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Industrial Engine Compatable??


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I have a 1951 plym with no engine but I do have a 1952 Chrysler industrial motor out of a 1952 Massey Harris combine, 6cly flat head will it work with my three speed trans and everything bolt up to it?? I looks like it should work, and its Free!!

Thanks!!

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The Massey Harris engine is likely a long block, especially if the combine was built in Canada. I'm not 100% sure, but experience with other Chrysler ind. units is that they will bolt up to any bell housing of a similar year. The flywheel may be different, as may the manifolds, but they are a lot cheaper and easier to get than complete engines. If it is the long block it has the advantage of being able to be taken up to 265+ cu. in. and it already has the industrial strength exhaust valves and Stellite seats. Absolutely no problems concerning valve seat recession with modern fuels.

It is very much worth while checking thoroughly in terms of possible transplant into your car.

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Yes it will fit and work great.

If the car was made in Canada the original engine used the same block as the Massey industrial engine.

If the car was made in the US it would have a smaller engine but the big job will still fit, you have to move the motor mounts forward an inch or 2. Some frames come with the extra bolt holes already drilled.

They made different models of industrial engine. The 265 cu in with full flow oil filter from the 50s is the best they made from the standpoint of potential performance and longevity.

There have been other threads on these engines recently if you look for them, you will find out some interesting facts.

I recently did quite a bit of research on these engines, due to the fact that I want to build a hopped up flathead 6 for my 1951 DeSoto.

You could really build an excellent hop up, at quite low cost.

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This has been covered in depth in other threads.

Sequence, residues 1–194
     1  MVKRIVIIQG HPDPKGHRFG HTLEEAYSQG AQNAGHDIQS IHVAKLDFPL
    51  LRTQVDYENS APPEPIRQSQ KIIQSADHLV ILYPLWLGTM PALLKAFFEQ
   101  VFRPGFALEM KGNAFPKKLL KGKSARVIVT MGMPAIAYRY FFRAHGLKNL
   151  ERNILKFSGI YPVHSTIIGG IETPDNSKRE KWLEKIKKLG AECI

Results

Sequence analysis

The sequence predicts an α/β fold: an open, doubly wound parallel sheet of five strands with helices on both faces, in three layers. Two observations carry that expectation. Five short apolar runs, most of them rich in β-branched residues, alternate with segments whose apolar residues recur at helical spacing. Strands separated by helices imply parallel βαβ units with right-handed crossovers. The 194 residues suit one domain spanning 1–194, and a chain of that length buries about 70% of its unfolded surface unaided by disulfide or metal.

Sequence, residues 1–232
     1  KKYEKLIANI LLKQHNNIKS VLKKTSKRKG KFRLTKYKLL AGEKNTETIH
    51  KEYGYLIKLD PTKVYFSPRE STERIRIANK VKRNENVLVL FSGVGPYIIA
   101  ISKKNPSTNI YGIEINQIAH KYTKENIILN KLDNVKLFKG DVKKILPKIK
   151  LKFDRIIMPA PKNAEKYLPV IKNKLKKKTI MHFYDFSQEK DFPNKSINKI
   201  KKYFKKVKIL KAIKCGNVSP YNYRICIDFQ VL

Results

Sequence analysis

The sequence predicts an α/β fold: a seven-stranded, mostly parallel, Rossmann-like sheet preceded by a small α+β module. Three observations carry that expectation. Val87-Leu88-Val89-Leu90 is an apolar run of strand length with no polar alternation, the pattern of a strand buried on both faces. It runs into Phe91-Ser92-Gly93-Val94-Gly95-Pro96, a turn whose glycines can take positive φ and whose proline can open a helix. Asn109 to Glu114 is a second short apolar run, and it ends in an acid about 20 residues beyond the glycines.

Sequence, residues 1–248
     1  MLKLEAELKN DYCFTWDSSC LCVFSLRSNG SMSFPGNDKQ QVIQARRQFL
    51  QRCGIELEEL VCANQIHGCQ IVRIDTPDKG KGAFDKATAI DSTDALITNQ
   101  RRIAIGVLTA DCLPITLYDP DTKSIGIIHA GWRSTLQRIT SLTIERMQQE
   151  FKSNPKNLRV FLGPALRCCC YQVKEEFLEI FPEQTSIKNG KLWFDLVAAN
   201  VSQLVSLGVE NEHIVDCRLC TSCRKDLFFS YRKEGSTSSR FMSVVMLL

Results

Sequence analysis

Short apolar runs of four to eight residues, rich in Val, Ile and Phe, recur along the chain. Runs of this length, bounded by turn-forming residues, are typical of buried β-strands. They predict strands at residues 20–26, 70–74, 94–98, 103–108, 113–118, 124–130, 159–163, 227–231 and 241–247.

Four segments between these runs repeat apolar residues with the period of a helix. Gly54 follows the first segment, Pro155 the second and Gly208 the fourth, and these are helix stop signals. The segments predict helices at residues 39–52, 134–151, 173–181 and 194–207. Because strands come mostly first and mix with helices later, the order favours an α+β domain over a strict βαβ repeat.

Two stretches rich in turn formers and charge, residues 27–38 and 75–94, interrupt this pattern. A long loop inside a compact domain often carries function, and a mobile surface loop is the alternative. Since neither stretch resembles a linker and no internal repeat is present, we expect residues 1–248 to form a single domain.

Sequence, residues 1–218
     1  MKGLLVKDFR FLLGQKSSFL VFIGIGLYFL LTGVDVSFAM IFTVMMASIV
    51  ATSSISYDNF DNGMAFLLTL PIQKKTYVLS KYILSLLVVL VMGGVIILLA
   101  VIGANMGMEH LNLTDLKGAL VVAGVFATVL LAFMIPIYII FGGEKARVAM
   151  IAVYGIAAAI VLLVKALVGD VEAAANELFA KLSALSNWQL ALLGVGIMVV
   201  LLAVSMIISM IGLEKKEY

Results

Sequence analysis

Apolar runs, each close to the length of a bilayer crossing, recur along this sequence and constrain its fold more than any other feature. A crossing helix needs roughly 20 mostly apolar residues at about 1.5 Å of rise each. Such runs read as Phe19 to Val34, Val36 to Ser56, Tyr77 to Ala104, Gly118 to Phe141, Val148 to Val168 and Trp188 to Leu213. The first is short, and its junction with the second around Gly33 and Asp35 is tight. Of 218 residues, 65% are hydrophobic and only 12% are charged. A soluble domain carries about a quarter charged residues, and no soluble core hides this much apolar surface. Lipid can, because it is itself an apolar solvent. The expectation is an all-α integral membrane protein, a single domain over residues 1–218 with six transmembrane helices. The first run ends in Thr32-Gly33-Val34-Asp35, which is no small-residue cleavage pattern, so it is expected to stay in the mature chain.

Briefly, in the US they made a short, 23" long engine for Plymouth and Dodge. And a long, 25 1/4" long engine for DeSoto and Chrysler.

In Canada they made only the one engine, the 25 1/4" long model. They juggled the bore and stroke to get the same displacement and horsepower as their US counterparts, year for year and model for model.

They made a 3 3/8 bore block for Plymouth and Dodge and a 3 7/16 for Chrysler and DeSoto. Both the same block, just bored to a different size.

The Chrysler Industrial, and Crown Marine, were the 25 1/4" block with 3 7/16 bore and with hardened cylinder sleeves pressed in.

They were made in various sizes, 225 cu in with 4 1/16" stroke crank is the smallest I have seen. 265 cu in with 4 3/4" stroke is the largest.

By the way the 4 1/16" stroke crank with the 3 3/8" bore gives 218 cu in, this was the standard Plymouth and Dodge engine for many years in the 40s and early 50s.

This engine will fit all Canadian made Plymouth, Dodge, DeSoto and Chrysler 6 cylinder cars from 1938 to 1959. Was also used in large trucks up to 1962, military trucks up to 1968, and industrial engines up to 1972.

It will fit US made Plymouths and Dodges in place of the shorter stock engine, with a little phenageling. Some chassis frames are drilled to relocate the motor mounts.

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Hey Dodgent, If your intersted in a '50/51 231 ci engine that has been recently rebuilt, .030 over pistons, .010/.010 crank, valve job, new timing gears/chain, water pump,oil pump, it's available, and I need to get it out of the way. If interested email me at:wbower3@yahoo.com. I'm in Oklahoma City.

The engine # is D42-99513. Walt Bower

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